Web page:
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In Lira, Uganda the Medicins Sans Frontieres is a Nutritional Feeding Program clinic helping HIV or malnutrition children.

The Freshwater Health Index

Fresh water sustains ecosystems — and human life. That means we must take care of the lakes, rivers and wetlands that provide it for us.

© Jamie Rose/Aurora Photos

The U.N. estimates that half of the people on Earth will likely face water stress by 2030. Competition for water for drinking, food production and maintaining healthy ecosystems that protect against floods or help regulate a stable climate all place growing demands on freshwater resources. And because water flows through — and links together — many different habitats, upstream activities directly impact downstream water users. To ensure water security into the future, we must better understand, manage and value our freshwater ecosystems.

Our role

Conservation International is a founding partner of the Freshwater Health Index, a tool that measures the overall condition of freshwater ecosystems and their capacity to support healthy and economically-sustainable populations. The Index is designed to provide guidance to decision-makers that will lead to better management — and will help meet the United Nations’ Sustainable Development Goals.

Our plan

Assess freshwater ecosystem health

The Freshwater Health Index assesses the status and trends of benefits that people receive from freshwater ecosystems, including clean water, fish and recreational uses. It provides links between governance, stakeholders, their impacts on ecosystems and the consequences for ecosystem services.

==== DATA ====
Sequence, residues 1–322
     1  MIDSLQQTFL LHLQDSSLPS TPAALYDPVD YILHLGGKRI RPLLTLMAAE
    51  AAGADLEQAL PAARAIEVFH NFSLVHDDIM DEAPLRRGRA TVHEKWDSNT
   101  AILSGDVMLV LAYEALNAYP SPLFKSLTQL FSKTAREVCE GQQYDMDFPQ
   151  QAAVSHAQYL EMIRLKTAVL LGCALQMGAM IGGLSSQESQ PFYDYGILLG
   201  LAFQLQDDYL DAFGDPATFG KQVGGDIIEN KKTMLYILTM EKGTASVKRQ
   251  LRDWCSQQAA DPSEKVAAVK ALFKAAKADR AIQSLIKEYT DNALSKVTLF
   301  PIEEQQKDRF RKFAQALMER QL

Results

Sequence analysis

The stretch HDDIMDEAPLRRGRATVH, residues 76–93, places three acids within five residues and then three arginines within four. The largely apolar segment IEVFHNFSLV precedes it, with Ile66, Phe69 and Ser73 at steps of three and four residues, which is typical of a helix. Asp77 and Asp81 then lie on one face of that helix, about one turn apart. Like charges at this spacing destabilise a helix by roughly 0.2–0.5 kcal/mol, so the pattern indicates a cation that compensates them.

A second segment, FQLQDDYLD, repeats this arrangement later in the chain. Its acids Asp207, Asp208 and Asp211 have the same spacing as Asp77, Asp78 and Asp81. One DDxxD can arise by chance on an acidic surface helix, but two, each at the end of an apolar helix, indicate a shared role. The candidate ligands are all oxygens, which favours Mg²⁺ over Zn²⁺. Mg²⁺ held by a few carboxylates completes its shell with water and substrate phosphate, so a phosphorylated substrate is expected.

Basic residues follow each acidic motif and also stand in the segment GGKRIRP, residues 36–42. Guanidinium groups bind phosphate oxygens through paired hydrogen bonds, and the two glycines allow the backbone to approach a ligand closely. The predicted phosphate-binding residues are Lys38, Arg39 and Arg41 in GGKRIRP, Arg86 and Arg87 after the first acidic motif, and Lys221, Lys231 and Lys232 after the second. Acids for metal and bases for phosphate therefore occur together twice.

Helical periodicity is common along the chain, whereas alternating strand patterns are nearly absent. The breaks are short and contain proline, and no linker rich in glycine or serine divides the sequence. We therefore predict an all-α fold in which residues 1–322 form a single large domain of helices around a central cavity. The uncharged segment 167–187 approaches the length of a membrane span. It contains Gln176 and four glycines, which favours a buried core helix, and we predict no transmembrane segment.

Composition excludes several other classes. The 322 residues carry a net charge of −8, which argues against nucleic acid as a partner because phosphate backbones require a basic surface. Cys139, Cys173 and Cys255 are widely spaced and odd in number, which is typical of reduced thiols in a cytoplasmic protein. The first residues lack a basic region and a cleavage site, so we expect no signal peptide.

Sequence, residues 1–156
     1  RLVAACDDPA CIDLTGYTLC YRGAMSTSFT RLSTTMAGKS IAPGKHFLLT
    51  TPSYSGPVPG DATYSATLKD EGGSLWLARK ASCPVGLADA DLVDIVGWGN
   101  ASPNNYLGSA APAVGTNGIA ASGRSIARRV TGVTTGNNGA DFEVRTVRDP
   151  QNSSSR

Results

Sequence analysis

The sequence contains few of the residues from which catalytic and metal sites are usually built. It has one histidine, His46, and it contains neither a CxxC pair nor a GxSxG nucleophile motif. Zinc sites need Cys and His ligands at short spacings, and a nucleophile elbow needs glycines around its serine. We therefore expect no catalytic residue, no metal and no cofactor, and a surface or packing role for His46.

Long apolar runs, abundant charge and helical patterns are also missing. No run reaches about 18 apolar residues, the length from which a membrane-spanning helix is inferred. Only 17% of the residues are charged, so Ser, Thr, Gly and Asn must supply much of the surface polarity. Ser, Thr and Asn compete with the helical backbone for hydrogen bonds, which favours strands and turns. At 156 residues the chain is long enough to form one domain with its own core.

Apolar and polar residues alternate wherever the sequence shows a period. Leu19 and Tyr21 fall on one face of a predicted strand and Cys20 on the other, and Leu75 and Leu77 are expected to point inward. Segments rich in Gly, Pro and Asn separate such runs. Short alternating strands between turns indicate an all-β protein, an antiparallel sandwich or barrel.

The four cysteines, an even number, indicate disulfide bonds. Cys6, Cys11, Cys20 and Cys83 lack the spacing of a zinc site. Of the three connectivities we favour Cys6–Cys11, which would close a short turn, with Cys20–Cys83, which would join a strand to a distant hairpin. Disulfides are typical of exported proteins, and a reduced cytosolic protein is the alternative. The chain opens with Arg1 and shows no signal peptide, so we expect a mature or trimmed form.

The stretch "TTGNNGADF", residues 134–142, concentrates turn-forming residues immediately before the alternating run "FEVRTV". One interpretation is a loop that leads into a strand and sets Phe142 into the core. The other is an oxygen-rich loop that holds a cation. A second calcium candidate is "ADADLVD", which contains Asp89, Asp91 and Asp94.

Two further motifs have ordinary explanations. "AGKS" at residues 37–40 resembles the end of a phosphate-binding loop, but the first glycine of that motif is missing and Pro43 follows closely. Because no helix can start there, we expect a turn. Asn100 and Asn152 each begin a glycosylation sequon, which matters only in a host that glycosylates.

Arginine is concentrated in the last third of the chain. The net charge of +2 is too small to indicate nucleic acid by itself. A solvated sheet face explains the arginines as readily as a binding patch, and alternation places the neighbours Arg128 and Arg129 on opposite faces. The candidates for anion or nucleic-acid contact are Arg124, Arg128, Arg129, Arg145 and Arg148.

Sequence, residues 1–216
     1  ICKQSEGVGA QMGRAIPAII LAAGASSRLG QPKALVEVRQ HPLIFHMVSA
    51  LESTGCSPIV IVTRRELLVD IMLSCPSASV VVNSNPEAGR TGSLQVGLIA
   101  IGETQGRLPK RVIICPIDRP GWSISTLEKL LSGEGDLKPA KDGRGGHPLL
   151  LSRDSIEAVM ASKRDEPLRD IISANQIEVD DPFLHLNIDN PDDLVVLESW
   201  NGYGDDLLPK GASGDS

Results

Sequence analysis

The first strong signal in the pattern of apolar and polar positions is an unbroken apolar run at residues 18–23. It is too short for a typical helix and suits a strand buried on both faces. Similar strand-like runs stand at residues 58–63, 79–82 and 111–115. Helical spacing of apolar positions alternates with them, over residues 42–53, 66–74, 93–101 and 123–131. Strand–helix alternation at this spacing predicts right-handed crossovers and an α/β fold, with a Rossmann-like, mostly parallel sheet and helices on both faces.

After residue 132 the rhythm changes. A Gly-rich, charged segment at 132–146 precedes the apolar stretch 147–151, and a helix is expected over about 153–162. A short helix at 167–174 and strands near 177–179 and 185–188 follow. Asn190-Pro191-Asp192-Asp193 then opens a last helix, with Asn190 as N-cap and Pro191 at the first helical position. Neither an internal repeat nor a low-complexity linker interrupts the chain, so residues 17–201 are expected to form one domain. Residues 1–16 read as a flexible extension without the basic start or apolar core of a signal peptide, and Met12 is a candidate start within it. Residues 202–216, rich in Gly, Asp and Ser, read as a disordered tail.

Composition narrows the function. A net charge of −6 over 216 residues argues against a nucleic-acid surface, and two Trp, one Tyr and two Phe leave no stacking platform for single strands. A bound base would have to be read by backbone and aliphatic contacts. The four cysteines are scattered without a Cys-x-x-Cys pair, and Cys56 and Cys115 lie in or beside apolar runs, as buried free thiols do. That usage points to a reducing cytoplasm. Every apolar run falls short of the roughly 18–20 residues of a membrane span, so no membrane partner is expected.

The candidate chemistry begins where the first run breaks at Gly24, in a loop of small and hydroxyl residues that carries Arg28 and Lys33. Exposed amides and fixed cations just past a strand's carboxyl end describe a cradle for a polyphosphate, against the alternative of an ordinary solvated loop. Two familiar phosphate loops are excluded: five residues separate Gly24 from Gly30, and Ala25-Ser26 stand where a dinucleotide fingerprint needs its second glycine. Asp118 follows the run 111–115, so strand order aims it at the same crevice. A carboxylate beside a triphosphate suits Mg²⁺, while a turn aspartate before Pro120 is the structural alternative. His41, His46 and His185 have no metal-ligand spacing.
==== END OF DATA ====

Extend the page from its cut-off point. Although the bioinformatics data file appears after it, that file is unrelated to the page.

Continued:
Evaluate tradeoffs

The Index can help users identify vulnerabilities or opportunities within a basin as well as potential impacts from climate change, land use change and infrastructure development. By exploring tradeoffs, decision-makers can make better choices that balance the sustainability of water resources with social equity.

Catalyze change

A data-rich, user-friendly website will provide a range of stakeholders — from water managers and planners to communities, businesses, civil society organizations and policymakers — with the information they need to make better-informed decisions and help reverse the trends of freshwater ecosystem degradation and loss.

 

 It is unclear how far past any planetary boundary we have pushed our water-based support services ... but to make the definitive judgment will require good information and good people. 

Charles J Vörösmarty et al., “Global water, the anthropocene and the transformation of a science” (2013)

Our solutions

The Freshwater Health Index is being tested initially in two test-beds in the heavily populated Asia-Pacific region, where decision-makers are confronting pressures from rapid urbanization, declines in water quality and quantity, and climate change impacts such as increased exposure to floods and droughts.

  • The Lower Mekong Basin in Cambodia, Laos and Vietnam directly supports the livelihoods of more than 60 million people. Here we are testing the Freshwater Health Index in the Sesan, Sreypok, Sekong River basin and the basin of Cambodia’s Tonle Sap Great Lake; and
  • The Dongjiang River in the Pearl River system is the water source for almost 40 million people in southern China and provides 80% of Hong Kong’s fresh water.

Following application in the first two test beds, the Freshwater Health Index will be applied to a representative set of basins globally.

From the blog